Assuming that the decibel level is the same with and without headphones in, does headphone use damage my hearing?

I have found several articles that talk about this, but they don't cite scientific studies. A lot of claims are made such as

Some people are born with "tougher ears" that allow them to listen to music relatively safely for longer periods. [Live Science]

The audiologist claims that he has known students to listen to music at 110 to 120 decibels. "That's a sound level that's equivalent to the measures that are made at rock concerts," said Garstecki, "and it's enough to cause hearing loss after only about an hour and 15 minutes." [The Register]

Are MP3 players capable of these volumes, and if so, is an MP3 player at 120dB more dangerous than a rock concert at 120dB? Do ears have different levels of 'toughness'?

  • 2
    the stated claim says nothing except that some people can last longer in loud noise than others, which is no doubt true but impossible to test humanely. It doesn't claim or disclaim that using headphones can damage your hearing at any specific level.
    – jwenting
    Jan 25, 2012 at 7:19

1 Answer 1



As Garstecki notes, most headphones are capable of outputting up to 125dB1 of which prolonged exposure can result in hearing loss.

To get an idea, look at this sound comparison chart:

Sound level comparison:

City Traffic (inside car)               85dB
Train whistle at 500'                   90dB
Truck Traffic                           90dB
Subway train at 200'                    95dB
hearing loss from sustained exposure    90 - 95dB
Power mower at 3'                       107dB
Snowmobile, Motorcycle                  100dB
Power saw at 3'                         110dB
Sandblasting, Loud Rock Concert         115dB

- Source

Garstecki's claim is based of studies on this very topic, many of which he was directly involved in.

From Comparing two methods to measure preferred listening levels of personal listening devices

Preferred listening levels for self-selected music were determined in quiet and background noise using a probe microphone, as well as in the DB-100 ear simulator mounted in KEMAR. The ear-canal measurements were compensated for diffuse-field. Only one of the subjects was found to be listening at hazardous levels once their reported daily usage was accounted for using industrial workplace standards.

From The Effects of Listening Environment and Earphone Style on Preferred Listening Levels of Normal Hearing Adults Using an MP3 Player:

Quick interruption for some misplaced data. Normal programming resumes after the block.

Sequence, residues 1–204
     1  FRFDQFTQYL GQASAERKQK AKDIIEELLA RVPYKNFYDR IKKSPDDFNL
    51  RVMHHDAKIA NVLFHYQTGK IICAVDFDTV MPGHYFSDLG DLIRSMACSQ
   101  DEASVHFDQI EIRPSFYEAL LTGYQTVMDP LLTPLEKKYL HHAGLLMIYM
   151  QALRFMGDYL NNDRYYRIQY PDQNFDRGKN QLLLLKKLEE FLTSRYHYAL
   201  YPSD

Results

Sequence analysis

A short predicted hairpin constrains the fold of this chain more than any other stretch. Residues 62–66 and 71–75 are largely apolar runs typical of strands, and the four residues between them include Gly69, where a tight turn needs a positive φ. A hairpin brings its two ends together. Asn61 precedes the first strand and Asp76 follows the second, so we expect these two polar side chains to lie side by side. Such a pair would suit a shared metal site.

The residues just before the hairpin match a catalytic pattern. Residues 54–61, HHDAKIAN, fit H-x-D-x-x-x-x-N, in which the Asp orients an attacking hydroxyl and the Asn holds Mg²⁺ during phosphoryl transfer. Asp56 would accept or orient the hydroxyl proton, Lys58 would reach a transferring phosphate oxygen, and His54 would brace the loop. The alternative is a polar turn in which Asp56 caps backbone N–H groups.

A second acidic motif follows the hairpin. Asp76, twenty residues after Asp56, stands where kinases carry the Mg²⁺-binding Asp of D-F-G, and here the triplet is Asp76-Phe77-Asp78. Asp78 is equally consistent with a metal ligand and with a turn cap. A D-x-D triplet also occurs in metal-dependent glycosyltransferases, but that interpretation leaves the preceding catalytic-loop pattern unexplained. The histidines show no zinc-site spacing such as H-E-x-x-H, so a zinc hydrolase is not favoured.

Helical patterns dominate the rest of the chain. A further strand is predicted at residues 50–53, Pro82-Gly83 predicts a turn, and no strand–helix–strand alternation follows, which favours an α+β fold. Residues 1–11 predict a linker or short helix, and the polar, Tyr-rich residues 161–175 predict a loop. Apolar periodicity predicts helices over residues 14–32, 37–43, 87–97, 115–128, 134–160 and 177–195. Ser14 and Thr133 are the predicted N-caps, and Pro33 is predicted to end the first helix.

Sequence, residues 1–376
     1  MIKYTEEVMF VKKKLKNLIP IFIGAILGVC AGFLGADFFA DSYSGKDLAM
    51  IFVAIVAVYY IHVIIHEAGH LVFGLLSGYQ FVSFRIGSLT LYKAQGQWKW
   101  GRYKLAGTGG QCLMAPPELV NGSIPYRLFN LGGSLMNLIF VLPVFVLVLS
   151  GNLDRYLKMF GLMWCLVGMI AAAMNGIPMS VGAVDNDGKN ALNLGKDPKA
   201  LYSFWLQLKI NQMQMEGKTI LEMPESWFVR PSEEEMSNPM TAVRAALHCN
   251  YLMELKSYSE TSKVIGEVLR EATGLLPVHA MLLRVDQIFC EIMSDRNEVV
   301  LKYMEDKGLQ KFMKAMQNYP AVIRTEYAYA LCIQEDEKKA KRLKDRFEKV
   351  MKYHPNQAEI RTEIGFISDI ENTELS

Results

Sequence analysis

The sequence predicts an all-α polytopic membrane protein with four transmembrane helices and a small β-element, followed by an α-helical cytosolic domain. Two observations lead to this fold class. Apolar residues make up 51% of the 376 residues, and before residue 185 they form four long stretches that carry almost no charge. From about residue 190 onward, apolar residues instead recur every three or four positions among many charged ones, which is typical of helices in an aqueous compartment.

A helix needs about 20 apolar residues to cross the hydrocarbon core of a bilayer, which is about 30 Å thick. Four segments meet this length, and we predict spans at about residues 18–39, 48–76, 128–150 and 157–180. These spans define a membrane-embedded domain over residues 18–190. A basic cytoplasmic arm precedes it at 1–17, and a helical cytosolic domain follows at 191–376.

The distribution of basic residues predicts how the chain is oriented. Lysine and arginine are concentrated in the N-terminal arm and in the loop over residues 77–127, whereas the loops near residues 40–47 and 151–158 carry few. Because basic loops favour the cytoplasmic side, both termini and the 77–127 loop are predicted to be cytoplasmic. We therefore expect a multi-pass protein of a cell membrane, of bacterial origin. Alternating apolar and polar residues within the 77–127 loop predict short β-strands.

The majority of MP3 players are sold with the earbud style of headphones. Preferred listening levels are higher with this style of headphone compared to the over-the-ear style. Moreover, as the noise level in the environment increases, earbud users are even more susceptible to background noise and consequently increase the level of the music to overcome this. The result is an increased sound pressure level at the eardrum. However, the levels chosen by our subjects suggest that MP3 listening levels may not be as significant a concern as has been reported recently in the mainstream media.

(emphasis mine)

As Garstecki also notes in the passage quoted in your question, some people are more susceptible than others. The risk varies per individual.

A 1993 study acknowledges the wide variance in susceptibility to hearing loss. From Individual susceptibility to noise-induced hearing loss: an old topic revisited:

The wide range in susceptibility to noise-induced hearing loss has intrigued researchers and hearing conservationists alike. Some of these differences in variability have been attributed to various intrinsic factors such as eye color, gender, age, etc. However, a review of controlled research shows that the influence of these intrinsic variables is relatively small and cannot explain the wide range of hearing loss observed in demographic studies.

The studies above found that most people don't listen to music through headphones at a hazardous volume. There is little doubt that it is possible to listen to music through headphones at a hazardous volume, which could damage hearing.

1 - Not the most reliable reference, although it supports what I have found when looking up the average output of headphones.

  • 1
    It's unfortunate that the second study is locked behind a paywall. I'm incredibly curious of the fact behind the last sentence of the abstract's conclusion.
    – Borror0
    Feb 9, 2012 at 5:55
  • Could you please provide a reference for "most headphones are capable of outputting 110 to 120 decimals"? Is this only headphones or earpieces too?
    – Oddthinking
    Feb 9, 2012 at 10:20
  • @Oddthinking A reference added, although not the most reliable. There doesn't seem to be anywhere reliable stating it explicitly, although it is repeated several times on semi-reliable sites. It also seems to be supported when looking at headphone specs, e.g. Monster beats by Dr Dre go to 115 and Sennheiser IE8 headphones go to 125. There doesn't seem to be a distinction between different types. Feb 9, 2012 at 18:15
  • iPhones produce about 100-115 except in Europe.
    – William
    Sep 6, 2017 at 21:59

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